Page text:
Based in New York City, Impakt is on a mission to build a browser extension for Chrome and Firefox users, helping you buy products from companies that pay workers fair wages, promote equality, don’t harm the environment, and align with your overall social and political values.

Culling public government data, industry reports, and news articles into a comprehensive “Company Ethics Database,” Impakt will deliver streamlined information about companies while you’re shopping online. If the products you want to buy aren’t up to your socially conscious standards, the extension’s algorithm will lead you to more ethical alternatives with just one click. Read more…

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Every iPhone X sold will bring Samsung a big payday

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Apple has an iPhone payment plan for people who hate wireless carriers

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Anyone who decides to buy the latest iPhone face the same dilemma: Do I buy from Apple or from my wireless carrier?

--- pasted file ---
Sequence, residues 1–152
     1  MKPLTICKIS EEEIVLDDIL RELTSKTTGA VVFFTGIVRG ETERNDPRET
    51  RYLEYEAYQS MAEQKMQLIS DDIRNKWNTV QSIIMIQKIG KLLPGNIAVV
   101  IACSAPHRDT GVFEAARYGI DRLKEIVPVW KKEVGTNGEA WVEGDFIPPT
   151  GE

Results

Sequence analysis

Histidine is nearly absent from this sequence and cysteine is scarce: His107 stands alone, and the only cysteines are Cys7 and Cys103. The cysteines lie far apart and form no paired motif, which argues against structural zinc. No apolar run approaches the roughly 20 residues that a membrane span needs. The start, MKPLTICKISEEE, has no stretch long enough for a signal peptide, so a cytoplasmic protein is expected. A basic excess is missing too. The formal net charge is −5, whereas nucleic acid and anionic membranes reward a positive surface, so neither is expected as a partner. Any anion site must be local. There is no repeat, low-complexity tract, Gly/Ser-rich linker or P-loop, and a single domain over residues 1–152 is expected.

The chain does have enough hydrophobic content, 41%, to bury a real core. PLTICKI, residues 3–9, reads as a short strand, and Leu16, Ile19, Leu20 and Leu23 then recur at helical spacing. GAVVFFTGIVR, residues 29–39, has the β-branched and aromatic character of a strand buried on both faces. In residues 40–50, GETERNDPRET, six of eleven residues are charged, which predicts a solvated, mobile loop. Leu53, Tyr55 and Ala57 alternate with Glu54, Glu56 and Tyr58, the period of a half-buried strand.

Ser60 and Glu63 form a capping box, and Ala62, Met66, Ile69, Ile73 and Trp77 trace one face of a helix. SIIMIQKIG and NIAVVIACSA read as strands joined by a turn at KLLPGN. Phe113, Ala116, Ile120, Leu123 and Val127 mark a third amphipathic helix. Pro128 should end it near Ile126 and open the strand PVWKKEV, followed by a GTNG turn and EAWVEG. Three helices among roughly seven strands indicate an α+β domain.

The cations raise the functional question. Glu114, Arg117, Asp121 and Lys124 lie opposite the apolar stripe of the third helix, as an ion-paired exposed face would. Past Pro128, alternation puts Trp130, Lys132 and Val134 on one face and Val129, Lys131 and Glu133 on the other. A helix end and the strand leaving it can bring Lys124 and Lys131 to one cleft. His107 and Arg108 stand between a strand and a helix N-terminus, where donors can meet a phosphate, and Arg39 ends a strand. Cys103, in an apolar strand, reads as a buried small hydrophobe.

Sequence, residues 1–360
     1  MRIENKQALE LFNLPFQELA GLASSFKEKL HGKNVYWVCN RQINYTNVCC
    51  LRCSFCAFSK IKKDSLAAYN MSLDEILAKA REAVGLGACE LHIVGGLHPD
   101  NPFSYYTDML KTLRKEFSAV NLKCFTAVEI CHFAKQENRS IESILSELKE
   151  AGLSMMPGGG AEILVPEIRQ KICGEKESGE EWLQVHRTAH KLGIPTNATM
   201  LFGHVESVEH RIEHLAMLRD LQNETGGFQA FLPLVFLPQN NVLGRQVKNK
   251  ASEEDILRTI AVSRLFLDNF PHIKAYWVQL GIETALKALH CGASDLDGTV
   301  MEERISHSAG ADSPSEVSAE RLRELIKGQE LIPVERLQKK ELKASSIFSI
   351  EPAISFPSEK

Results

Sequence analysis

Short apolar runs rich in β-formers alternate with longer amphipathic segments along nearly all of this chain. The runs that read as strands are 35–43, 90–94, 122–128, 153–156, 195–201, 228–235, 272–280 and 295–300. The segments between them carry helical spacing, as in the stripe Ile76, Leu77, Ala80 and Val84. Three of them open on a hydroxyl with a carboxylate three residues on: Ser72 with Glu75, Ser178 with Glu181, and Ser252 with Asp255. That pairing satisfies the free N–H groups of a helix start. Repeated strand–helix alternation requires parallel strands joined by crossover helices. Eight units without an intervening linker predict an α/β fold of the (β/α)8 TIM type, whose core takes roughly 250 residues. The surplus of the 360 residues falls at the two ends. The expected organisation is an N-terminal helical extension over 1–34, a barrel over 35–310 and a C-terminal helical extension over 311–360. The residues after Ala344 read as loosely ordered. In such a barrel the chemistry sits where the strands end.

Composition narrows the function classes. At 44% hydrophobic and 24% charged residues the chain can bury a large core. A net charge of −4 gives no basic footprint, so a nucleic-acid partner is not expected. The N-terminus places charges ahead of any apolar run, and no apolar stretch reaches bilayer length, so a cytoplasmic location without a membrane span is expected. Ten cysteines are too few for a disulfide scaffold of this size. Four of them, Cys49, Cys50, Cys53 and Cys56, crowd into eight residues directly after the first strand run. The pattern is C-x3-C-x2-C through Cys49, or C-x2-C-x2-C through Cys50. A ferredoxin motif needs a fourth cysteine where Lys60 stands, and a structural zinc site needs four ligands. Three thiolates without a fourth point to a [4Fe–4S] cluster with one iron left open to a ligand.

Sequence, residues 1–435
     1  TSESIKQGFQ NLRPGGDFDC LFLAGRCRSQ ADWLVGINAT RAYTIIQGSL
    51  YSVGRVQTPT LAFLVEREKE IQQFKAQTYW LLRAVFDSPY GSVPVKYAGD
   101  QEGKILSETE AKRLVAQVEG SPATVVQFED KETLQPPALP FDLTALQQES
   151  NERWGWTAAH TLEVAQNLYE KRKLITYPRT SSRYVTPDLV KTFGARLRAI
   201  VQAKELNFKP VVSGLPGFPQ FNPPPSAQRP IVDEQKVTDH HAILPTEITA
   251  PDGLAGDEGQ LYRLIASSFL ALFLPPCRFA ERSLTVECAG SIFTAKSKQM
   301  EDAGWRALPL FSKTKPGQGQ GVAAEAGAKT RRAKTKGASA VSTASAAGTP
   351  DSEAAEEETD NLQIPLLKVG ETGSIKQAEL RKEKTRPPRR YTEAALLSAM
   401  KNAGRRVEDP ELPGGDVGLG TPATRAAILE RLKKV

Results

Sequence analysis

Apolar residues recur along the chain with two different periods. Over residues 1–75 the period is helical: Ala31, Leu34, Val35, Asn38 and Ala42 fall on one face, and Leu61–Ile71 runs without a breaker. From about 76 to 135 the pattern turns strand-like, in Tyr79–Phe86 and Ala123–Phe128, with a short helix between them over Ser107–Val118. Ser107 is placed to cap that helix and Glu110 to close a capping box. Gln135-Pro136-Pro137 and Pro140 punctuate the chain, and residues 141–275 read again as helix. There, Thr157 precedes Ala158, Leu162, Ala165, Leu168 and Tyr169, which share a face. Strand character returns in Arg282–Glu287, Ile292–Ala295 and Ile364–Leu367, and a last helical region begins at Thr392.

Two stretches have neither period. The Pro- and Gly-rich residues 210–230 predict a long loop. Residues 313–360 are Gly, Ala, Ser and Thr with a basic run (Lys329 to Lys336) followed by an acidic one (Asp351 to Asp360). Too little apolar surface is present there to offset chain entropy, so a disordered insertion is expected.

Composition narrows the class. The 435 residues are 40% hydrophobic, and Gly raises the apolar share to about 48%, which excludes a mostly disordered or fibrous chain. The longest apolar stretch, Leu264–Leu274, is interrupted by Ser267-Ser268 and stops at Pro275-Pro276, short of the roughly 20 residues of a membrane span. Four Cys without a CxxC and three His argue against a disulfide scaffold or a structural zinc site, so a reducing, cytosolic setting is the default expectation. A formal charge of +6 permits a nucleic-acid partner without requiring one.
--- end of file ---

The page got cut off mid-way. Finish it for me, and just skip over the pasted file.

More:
Buying directly from Apple typically means either a big one-time payment or joining the company’s iPhone Upgrade Program. That program, introduced in 2015 alongside the iPhone 6S and iPhone 6S Plus, splits the cost of your phone into 24 interest-free monthly installments, allows you to trade in the phone after the first 12 payments for the latest model, and includes AppleCare+ insurance.

It’s that last bit that elevates the cost of the program above most carrier payment plans. Carriers offer their own insurance, of course (at varying prices), but some people may want to buy their phone from Apple, just without the added $129 cost of AppleCare+. Read more…